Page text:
One of the newly signed executive orders is to protect children from being recruited by sex trafficking organizations. The governor would like educators to receive training to see the signs of sex trafficking.
He would like to see school resource officers on the campus of every school in Virginia and he hopes law enforcement can be involved in approving school safety audits.
In an apparent reference to how sexual assault incidents were handled by LCPS, Younkin said he'd like to require by law that educators report to law enforcement when a child is preyed upon.
"No more cover-ups. No more sweeping it under the rug. Parents deserve to know if their child is at risk," he said.
The governor maintained that children need to remain open. He encouraged everyone to get the COVID-19 vaccine and booster, but said it is parents who should control health measures for children, which is why one of his executive actions allows for parents to opt-out of school mask mandates.
He said he opposes federal vaccine mandates for healthcare workers. The governor plans to address COVID-19 recognizing that the science "has not been static" and that there are now vaccines, therapeutics, and better tests.
"There are 1.6 million unvaccinated Virginians today," Youngkin said. "And speaking to you as your Governor, I’ll never tell you what you must do. But speaking to you as a friend and a neighbor I strongly encourage you to get the vaccine."
The governor said he'd "repeal needless regulation" and invest in job training. He said he is supportive of investing in "mega-sites."
Youngkin spoke in favor of right-to-work laws and said he would veto any bill "that creates forced unionizations." He promised to pass an association health plan bill that was vetoed eight times by his predecessor.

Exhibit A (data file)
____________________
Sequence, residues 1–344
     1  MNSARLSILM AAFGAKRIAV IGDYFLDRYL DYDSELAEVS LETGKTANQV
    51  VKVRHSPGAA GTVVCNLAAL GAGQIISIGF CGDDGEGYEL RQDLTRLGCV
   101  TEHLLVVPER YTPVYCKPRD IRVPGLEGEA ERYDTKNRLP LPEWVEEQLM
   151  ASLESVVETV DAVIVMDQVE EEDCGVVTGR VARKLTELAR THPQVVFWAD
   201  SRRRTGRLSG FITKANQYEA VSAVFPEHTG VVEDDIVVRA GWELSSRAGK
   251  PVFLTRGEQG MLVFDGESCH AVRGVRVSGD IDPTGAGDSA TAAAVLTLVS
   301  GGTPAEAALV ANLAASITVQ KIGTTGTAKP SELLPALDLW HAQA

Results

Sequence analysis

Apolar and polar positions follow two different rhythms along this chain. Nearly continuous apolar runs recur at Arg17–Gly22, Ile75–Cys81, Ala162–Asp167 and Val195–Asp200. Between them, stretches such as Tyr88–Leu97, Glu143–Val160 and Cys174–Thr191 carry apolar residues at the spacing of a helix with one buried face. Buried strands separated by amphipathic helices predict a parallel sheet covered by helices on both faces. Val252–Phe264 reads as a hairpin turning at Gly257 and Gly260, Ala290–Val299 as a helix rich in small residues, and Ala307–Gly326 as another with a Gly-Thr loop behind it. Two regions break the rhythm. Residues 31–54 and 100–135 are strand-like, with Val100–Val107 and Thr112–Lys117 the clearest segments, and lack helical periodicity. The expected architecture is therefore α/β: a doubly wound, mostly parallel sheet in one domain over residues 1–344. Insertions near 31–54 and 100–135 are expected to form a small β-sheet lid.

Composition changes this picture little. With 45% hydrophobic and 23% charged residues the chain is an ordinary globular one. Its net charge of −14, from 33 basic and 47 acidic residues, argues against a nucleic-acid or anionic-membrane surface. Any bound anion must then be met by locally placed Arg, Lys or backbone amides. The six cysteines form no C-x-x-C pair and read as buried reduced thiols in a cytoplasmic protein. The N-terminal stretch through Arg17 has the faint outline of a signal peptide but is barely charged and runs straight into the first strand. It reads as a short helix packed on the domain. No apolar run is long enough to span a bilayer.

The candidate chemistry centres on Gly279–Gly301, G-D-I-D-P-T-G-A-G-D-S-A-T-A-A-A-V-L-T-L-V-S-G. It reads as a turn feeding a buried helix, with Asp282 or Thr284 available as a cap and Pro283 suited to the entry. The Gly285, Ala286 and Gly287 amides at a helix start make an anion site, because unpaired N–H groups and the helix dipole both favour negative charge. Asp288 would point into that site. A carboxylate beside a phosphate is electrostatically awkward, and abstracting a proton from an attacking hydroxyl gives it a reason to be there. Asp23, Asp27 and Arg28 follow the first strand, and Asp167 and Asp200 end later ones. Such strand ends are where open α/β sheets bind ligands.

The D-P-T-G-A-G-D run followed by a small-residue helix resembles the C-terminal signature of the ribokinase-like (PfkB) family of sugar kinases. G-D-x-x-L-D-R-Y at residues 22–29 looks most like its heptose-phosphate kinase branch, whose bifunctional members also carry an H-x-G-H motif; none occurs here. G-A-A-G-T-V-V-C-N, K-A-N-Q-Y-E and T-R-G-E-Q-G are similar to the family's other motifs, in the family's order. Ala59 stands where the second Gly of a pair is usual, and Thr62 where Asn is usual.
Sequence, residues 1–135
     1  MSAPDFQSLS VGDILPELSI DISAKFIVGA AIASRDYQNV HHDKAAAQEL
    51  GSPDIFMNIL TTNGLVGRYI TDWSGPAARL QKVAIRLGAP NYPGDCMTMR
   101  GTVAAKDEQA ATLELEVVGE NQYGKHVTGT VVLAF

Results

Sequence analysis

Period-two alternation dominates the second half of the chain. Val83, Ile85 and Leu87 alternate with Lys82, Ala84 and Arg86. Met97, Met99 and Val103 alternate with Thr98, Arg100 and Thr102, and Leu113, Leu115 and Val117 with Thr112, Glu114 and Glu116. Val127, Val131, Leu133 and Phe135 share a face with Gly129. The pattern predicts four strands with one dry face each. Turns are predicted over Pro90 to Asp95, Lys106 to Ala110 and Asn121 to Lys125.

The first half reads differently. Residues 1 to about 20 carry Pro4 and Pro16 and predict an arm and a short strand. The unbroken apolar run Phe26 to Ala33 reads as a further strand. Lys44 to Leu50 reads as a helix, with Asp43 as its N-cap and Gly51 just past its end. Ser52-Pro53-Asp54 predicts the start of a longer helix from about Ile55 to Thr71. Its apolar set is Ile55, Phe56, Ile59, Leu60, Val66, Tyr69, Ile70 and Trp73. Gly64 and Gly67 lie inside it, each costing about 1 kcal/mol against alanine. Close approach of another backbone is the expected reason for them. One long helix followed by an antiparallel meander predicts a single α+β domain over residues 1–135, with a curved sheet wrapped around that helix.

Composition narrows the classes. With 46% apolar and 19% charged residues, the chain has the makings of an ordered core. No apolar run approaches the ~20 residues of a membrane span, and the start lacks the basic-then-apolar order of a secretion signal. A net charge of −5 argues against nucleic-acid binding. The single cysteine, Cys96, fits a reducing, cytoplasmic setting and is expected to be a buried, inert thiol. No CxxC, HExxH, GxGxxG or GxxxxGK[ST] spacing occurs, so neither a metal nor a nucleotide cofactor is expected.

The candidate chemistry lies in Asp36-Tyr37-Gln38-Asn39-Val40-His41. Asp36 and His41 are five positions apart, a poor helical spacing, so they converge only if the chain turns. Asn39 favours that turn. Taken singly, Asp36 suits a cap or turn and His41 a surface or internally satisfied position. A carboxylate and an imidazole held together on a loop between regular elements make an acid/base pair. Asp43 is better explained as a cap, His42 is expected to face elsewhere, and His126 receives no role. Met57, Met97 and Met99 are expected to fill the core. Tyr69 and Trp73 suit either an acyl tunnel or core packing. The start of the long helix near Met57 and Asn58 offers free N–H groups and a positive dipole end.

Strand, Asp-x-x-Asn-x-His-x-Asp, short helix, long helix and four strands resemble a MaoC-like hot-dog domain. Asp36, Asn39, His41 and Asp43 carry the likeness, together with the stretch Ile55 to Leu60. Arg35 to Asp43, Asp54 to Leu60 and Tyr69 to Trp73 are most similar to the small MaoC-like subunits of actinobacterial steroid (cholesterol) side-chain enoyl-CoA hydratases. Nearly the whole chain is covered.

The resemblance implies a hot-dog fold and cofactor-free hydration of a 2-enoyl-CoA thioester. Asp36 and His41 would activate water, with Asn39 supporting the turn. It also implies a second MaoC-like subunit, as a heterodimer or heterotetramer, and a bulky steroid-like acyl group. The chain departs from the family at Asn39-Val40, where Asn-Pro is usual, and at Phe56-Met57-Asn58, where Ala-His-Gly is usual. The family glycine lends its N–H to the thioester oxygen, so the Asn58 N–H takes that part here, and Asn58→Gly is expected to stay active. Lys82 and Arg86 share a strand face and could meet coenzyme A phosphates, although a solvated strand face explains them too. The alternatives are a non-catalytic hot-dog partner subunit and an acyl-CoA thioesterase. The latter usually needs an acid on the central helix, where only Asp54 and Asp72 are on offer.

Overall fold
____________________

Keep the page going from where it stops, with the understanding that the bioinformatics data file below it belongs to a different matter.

To remove some tax burdens faced by families, the governor said he would suspend "the recent gas tax increase for a year" and immediately eliminate the grocery tax. He said he'd also double the standard deduction for Virginians on their personal income tax and provide "the largest tax rebate in Virginia history."
Youngkin asked the General Assembly to help veterans by eliminating "the tax on the first $40,000 in military retirement pay."
He vowed to offer more funding for police departments and increase the pay of law enforcement officers.
The governor said, "Together, we should dedicate $100 million in ARPA funds to a training and equipment grant program for law enforcement. And provide capital funding for a new state police training facility."
Youngkin asked the General Assemby to provide $26 million for local police departments—but "only in localities that are increasing funding for their police departments."
He pledged $5 million to Operation Cease Fire to "fund community violence intervention." He also said that Inadequately funding police creates more lawlessness.
The governor said he also doesn't tolerate "lawlessness" in state agencies which is why he "fired the entire parole board" on Saturday.
"The violations of law and the Constitution, the unconscionable refusal to notify families, of victims about pending decisions to release murderers, were simply unacceptable," he said.
Younkin announced he appointed a Commonwealth chief transformation officer "to oversee government transformation."
He pledged to use federal funds to improve the Commonwealth's infrastructure and make it "the most reliable in the nation."
Youngkin did not mention climate change in his speech but said he "treasure[s] the natural beauty of Virginia.
"And my administration will dedicate itself to protecting and promoting it as a core principle of our service," he said.
The governor said he will end the practice of dumping raw sewage into the James River, will fund "best management practices on our farms" and will "see the cleanup of the Chesapeake Bay to the finish line."
Youngkin thanked the lawmakers and urged them to "set aside ego and self-advancement" to make Virginia "better, stronger [and] freer."
"My friends in this esteemed legislature, I’m inspired to be with you this afternoon. And to be working with you to build a future of limitless opportunity and strengthen the spirit of Virginia."